Claw Toe Clinical Presentation

Updated: Feb 05, 2021
  • Author: James K DeOrio, MD; Chief Editor: Vinod K Panchbhavi, MD, FACS, FAOA, FABOS, FAAOS  more...
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Patients with claw toe deformities can present with a variety of symptoms related to the position of the toe. Patients most often report pain at the dorsal proximal interphalangeal (PIP) joint from an impingement of the toe on the shoe. A callus or erythema is present over the dorsal PIP joint where it abuts the shoe. Patients also may report pain at the tip of the toe from pressure against the point of the distal phalanx. [21]

Patients can have a callus at the tip of the toe and a malformed nail, especially patients with diabetes and neuropathies (see the image below). When pain beneath the callus exceeds the neuropathic threshold in a patient with diabetes, an abscess may be present beneath the callus, which is discovered only when the callus is debrided. The other source of pain is the metatarsophalangeal (MTP) joint, which develops synovitis because of irritation from its extended position and instability.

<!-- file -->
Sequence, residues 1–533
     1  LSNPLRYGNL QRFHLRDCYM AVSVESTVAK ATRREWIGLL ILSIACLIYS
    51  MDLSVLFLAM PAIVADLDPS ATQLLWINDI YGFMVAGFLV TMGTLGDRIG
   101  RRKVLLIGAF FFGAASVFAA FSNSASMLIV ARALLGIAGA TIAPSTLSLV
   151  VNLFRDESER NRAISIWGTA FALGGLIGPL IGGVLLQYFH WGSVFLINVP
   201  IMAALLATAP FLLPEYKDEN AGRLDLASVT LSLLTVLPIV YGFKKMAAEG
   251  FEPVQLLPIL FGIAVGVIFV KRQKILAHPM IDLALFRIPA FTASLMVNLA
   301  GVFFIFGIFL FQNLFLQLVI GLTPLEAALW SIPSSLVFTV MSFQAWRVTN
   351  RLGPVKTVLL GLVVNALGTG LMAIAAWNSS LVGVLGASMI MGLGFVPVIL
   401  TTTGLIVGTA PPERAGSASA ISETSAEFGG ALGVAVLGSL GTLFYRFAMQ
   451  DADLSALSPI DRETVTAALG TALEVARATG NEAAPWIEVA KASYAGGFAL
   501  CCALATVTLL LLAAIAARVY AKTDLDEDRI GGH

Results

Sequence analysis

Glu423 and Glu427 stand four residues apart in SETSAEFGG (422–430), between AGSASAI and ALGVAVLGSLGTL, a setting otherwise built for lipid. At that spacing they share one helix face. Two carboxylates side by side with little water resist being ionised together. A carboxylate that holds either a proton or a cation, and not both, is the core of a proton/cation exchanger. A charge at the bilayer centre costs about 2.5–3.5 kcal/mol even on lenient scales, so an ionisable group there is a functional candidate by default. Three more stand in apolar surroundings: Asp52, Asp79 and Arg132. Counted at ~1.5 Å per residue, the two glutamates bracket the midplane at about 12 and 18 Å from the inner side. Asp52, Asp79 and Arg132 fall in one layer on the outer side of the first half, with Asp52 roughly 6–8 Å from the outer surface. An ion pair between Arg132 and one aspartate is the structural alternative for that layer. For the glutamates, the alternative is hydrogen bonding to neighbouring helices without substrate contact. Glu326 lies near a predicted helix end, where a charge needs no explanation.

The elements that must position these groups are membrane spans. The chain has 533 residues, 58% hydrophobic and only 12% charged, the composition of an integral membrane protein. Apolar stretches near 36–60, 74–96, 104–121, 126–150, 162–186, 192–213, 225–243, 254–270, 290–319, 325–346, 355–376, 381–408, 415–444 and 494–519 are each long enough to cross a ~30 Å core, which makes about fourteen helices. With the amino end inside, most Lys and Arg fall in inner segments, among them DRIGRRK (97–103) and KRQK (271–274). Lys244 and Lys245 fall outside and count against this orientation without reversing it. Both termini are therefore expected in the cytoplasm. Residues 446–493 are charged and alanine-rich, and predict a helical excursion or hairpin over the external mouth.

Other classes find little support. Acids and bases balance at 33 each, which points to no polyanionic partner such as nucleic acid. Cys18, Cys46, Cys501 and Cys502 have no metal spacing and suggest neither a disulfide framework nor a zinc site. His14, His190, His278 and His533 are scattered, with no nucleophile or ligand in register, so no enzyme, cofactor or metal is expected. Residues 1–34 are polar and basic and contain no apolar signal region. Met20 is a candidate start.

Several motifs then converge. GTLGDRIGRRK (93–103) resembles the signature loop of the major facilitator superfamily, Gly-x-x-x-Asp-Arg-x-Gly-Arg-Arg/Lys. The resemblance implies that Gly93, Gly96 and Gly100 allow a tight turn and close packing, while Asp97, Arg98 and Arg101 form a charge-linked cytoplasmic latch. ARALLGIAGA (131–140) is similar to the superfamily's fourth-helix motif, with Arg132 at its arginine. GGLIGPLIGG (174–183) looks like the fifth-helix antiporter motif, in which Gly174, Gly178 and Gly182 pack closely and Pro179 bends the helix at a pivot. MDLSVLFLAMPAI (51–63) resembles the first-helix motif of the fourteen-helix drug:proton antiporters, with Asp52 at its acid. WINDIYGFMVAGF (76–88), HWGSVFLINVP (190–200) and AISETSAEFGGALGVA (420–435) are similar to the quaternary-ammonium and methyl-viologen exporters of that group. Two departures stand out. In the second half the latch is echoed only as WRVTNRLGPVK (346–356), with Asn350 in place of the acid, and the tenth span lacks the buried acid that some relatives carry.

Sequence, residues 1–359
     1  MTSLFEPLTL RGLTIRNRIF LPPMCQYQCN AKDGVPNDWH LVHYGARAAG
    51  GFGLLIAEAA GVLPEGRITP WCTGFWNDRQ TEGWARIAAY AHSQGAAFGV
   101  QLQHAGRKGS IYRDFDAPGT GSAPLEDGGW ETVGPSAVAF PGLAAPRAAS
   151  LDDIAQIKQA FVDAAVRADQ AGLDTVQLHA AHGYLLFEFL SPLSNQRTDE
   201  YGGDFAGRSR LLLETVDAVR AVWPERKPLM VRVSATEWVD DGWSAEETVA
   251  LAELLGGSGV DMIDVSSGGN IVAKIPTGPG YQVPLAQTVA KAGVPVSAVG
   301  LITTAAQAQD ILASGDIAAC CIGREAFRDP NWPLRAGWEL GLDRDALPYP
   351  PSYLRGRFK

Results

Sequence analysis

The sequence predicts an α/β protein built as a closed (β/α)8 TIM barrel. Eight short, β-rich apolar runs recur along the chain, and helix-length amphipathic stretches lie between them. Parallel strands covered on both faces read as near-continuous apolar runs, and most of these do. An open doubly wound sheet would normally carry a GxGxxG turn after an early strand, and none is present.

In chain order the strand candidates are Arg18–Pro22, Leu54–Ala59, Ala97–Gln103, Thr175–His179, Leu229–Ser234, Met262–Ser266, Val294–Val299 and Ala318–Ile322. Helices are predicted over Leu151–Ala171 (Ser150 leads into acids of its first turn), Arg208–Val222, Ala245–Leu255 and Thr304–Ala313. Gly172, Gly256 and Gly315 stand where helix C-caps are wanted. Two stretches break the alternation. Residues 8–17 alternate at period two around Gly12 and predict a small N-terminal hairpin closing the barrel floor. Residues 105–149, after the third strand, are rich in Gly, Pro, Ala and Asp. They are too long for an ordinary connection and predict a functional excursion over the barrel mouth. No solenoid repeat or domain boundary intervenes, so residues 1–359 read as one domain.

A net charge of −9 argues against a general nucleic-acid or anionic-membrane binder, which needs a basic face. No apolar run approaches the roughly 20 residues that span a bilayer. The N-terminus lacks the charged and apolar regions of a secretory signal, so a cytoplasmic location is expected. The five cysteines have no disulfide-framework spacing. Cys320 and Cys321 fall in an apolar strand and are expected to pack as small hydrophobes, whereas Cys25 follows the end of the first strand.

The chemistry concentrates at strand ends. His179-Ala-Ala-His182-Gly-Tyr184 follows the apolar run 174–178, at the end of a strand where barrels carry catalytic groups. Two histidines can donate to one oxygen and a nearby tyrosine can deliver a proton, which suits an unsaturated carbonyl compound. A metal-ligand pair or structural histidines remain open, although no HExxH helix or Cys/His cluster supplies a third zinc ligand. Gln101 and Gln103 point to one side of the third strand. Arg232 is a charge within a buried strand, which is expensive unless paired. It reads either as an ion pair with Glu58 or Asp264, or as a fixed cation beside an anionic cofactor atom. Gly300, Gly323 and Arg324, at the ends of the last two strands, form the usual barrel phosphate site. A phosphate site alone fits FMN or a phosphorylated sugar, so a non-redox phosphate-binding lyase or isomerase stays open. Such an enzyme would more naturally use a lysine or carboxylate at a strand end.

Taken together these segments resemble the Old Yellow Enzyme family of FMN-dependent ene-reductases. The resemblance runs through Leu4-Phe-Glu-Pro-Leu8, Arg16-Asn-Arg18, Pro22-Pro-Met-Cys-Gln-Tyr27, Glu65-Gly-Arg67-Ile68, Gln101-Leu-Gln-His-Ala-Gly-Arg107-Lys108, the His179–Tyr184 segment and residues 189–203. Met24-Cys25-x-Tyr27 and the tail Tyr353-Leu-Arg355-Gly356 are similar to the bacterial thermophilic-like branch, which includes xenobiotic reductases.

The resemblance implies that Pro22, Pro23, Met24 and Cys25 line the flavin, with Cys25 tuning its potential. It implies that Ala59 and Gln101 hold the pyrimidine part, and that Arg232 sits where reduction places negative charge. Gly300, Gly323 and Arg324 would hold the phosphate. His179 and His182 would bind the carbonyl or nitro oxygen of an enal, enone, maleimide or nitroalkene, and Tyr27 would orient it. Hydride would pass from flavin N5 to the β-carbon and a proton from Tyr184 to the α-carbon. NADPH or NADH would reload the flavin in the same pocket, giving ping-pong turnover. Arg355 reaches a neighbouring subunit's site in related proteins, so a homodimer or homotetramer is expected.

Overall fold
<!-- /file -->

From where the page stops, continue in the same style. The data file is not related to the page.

Callus at tip of second claw toe. Callus at tip of second claw toe.

Another less often seen presentation is impingement of the lateral claw toe on the adjacent toe, causing a callus or soft corn on the medial border of the claw toe. This is usually secondary to clawing of the fourth or fifth toe. Finally, the relative increased pressure beneath the metatarsal head from the inability of the toe to share in weightbearing can result in metatarsalgia. This occurs secondary to distal migration of the plantar fat pad with hyperextension of the MTP joint.


Physical Examination

Assessing claw toe primarily consists of a physical examination, with additional tests as required. With the patient sitting, each of the three joints (MTP, PIP, and distal interphalangeal [DIP]) is tested for flexibility in the sagittal plane and stability in the frontal and sagittal planes. Vascularity of the toe is assessed clinically, and the presence of calluses or erythema is duly noted.

Normal sensation can be determined by the patient's ability to feel a 0.5-g force with a monofilament pressure device. If the patient cannot detect a 10-g force applied with a monofilament pressure device, this indicates loss of protective sensation.